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Recently, I solved a problem that says-
If $V$ is a vector space over an infinite field. Prove that, V cannot be written as set-thoretic union of a finite number of proper subspaces.
But is this result true in case of finite field?
. I can't get such an example where a vector space over finite field can be written as union of finite number of proper subspaces.
Can anybody give such an example? Thanks for assistance in advance.

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  • $\begingroup$ See here for the theory on how many subspaces you need at minimum, $\endgroup$ Nov 4, 2018 at 5:31
  • $\begingroup$ That thread is linked to many others with more discussion and variants. Search them! $\endgroup$ Nov 4, 2018 at 5:41

2 Answers 2

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The answer is yes; if $V$ is a finite vector space (so over a finite field and of finite dimension), then it has only finitely many elements. Let $\langle v\rangle$ denote the span of a vector $v\in V$. Then clearly $$V=\bigcup_{v\in V}\langle v\rangle,$$ because $v\in\langle v\rangle$ for every $v\in V$, and the union is finite because $V$ is finite. Hence $V$ is the union of finitely many proper subspaces (if $\dim V>1$, otherwise the subspaces aren't proper).

For a very concrete example, consider $\Bbb{F}_2^2$, a $2$-dimensional vector space over the finite field $\Bbb{F}_2$ of two elements. Then \begin{eqnarray*} \Bbb{F}_2^2&=&\{(0,0),(1,0),(0,1),(1,1)\}\\ \bigcup_{v\in\Bbb{F}_2^2}\langle v\rangle&=&\{(0,0)\}\cup\{(0,0),(1,0)\}\cup\{(0,0),(0,1)\}\cup\{(0,0),(1,1)\}. \end{eqnarray*}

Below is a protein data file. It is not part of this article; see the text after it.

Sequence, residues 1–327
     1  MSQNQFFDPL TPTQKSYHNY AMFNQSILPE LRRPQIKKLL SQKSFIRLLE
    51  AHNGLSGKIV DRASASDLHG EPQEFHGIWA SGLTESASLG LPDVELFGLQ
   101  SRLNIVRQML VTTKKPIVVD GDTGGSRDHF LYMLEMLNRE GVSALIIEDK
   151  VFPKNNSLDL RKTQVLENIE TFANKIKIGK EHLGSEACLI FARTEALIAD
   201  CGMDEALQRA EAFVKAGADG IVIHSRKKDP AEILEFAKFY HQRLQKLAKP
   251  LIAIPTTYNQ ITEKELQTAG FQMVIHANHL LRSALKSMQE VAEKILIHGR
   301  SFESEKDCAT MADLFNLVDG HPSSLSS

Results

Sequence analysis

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    $\begingroup$ But is the result true when the vector space is of infinite dimension? The vector space may not be finite. Example: set of all polynomials over $\Bbb{Z}_2$ $\endgroup$
    – MathBS
    Nov 3, 2018 at 19:17
  • $\begingroup$ Servaes, if $V$ is not finite dimensional then your method will not work, because in that case $V$ has infinitely many elements. $\endgroup$
    – MathBS
    Nov 5, 2018 at 6:59
  • $\begingroup$ What if the vector space is one-dimensional? Then the span of v is not a proper subspace. $\endgroup$ Nov 27, 2019 at 11:34
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It seems to me that the case of an infinite dimensional space is creating extra headache. Spelling out an example to show what can be done.

Consider the field $\Bbb{F}_2$. Let $V=\Bbb{F}_2[x]$ be the space of univariate polynomials. Let $U$ be the subspace of polynomials with zero constant and linear terms. Consider the following three subspaces of $V$: $$ V_1=\langle 1\rangle\oplus U=\{a_0+a_1x+a_2x^2+\cdots +a_nx^n\mid n\in\Bbb{N}, a_i\in\Bbb{F}_2, a_1=0\}, $$ $$ V_2=\langle x\rangle\oplus U=\{a_0+a_1x+a_2x^2+\cdots +a_nx^n\mid n\in\Bbb{N}, a_i\in\Bbb{F}_2, a_0=0\}, $$ and $$ V_3=\langle 1+x\rangle\oplus U=\{a_0+a_1x+a_2x^2+\cdots +a_nx^n\mid n\in\Bbb{N}, a_i\in\Bbb{F}_2, a_0=a_1\}. $$ It is clear that every polynomial of $V$ belongs to at least one of the subspaces $V_1,V_2,V_3$ according to what its constant and linear terms look like. Therefore $$V=V_1\cup V_2\cup V_3.$$


What just happened?

Consider the quotient space $V/U$. It is 2-dimensional. Its non-zero elements are the cosets $1+U,x+U$ and $1+x+U$. So we can write $V/U$ as a union of three 1-dimensional subspaces following the recipe of Servaes' answer each spanned by one of those cosets. The resulting subspaces are exactly the spaces $V_i/U, i=1,2,3$. No wonder that $V_1,V_2,V_3$ cover all of $V$!

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